Sunday, October 11, 2015

Closing Another Landmark

A "gunsmith" in the Saphan Lek market works on a pistol. The gun is a sophisticated replica of a semi-automatic pistol. It fires BBs. 

Bangkok city officials are closing another landmark. The markets at Saphan Lek and Saphan Han, across the street from each other at the end of Yaowarat Road were supposed to be closed by Monday Oct. 12. Saphan Lek is/was famous for toys, replica guns (real guns are tightly regulated in Thailand), software/DVDs/CDs and electronics. Saphan Han is mostly food stalls and cloth and clothing shops. 

Saphan Lek is on the north side of Yaowarat Road, at the edge of Chinatown, Saphan Han is on the south side of Yaowarat. Both markets are built on top of Khlong Ong Ang. Years and years ago people built temporary decking over the khlong (canal) and opened market stalls on the decking. Time went on, the decking and the shops become more elaborate and now Saphan Lek is a warren of small shops, completely enclosed and air conditioned. Saphan Han is more rustic and old school. 
Toy car vendors put together some of the merchandise in their shop. 

The markets' location over the khlong is their undoing. Water management and flood mitigation is a huge issue in Bangkok. City authorities say the temporary decking and piles sunk to support the decking are clogging up the khlong and complicating flood control efforts. 
A teenager buys a replica BB gun in Saphan Lek.

While a cloth and clothing vendor reads a newspaper in Saphan Han.

The vendors say their stalls don't interfere with flow of the khlong and that the city wants to remove them so the land can be redeveloped. The city gave the vendors very short notice to vacate. They delivered letters on September 28 giving the vendors until October 12 to get out. 

The vendors aren't going without a fight. They've taken their cause to Thailand's human rights officials, who haven't ruled yet. The city said the October 12 deadline was solid. I talked to a couple of vendors early Sunday who said they probably would have to close. Eventually. But, they said, "arrangements" would be made in the short term to allow them to stay open for a few months more.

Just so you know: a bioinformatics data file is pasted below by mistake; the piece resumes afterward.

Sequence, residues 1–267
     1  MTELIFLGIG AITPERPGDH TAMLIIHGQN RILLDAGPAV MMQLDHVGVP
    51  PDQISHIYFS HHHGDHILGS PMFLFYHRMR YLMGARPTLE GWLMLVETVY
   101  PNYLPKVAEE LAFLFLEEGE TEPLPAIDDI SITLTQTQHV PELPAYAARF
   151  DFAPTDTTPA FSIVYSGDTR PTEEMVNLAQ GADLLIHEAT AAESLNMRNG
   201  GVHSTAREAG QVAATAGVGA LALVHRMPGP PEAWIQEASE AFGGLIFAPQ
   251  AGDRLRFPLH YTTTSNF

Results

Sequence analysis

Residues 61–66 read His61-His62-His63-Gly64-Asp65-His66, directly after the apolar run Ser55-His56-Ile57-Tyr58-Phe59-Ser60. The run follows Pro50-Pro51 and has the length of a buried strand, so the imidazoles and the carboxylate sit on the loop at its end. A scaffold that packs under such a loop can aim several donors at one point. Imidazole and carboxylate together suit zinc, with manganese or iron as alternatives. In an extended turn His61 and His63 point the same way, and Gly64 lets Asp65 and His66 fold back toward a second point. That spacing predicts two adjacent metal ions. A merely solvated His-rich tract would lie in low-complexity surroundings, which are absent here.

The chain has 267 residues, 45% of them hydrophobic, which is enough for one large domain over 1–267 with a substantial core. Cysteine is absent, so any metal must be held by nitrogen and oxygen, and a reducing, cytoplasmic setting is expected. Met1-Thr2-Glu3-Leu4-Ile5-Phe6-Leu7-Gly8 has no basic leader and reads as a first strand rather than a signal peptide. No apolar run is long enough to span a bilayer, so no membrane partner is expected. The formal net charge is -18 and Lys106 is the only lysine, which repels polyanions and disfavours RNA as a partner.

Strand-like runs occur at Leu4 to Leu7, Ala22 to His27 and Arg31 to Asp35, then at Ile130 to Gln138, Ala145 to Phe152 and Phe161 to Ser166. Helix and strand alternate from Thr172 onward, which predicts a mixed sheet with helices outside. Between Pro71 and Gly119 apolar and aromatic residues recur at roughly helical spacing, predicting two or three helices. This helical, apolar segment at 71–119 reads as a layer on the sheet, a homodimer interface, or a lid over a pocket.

Shoppers walk through small shops selling toys in Saphan Lek. 

I don't know who's right and who's wrong in this one. And I don't know what's going to happen. I've gone to Saphan Lek/Saphan Han a couple of times in the last month and it doesn't look to me like anyone is making plans to leave. Sunday afternoon, many shops were unpacking more merchandise and putting it on display. There were no "going out of business sales." Although there were a couple of shops closing down, in general, it didn't feel like a place on the verge of shutting down. 
A man looks at what used to be his coffee stand in Saphan Han. He was one of the few vendors actually shutting down his shop. 

Closing Saphan Lek and Saphan Han feels like it's a part of a much bigger trend in Bangkok. Namely shutting down and evicting local markets, that serve primarily the poor. In the last few months, city officials have closed street markets around Tha Chang and Thammasat University (on the river in "old" Bangkok). Bang Chak market, a few kilometers from our apartment on the BTS line, far away from the river, is being closed. The people around Wat Kanalaya are being evicted. There are plans to evict other poor riverside communities and redevelop the land into high end housing and retail. As far as I know, this is not a grand conspiracy. I think it's more a series of coincidences. Still, it's changing the face of the city in a way that's not necessarily better. 

The are more photos of Saphan Lek in my archive or available from ZUMA Press
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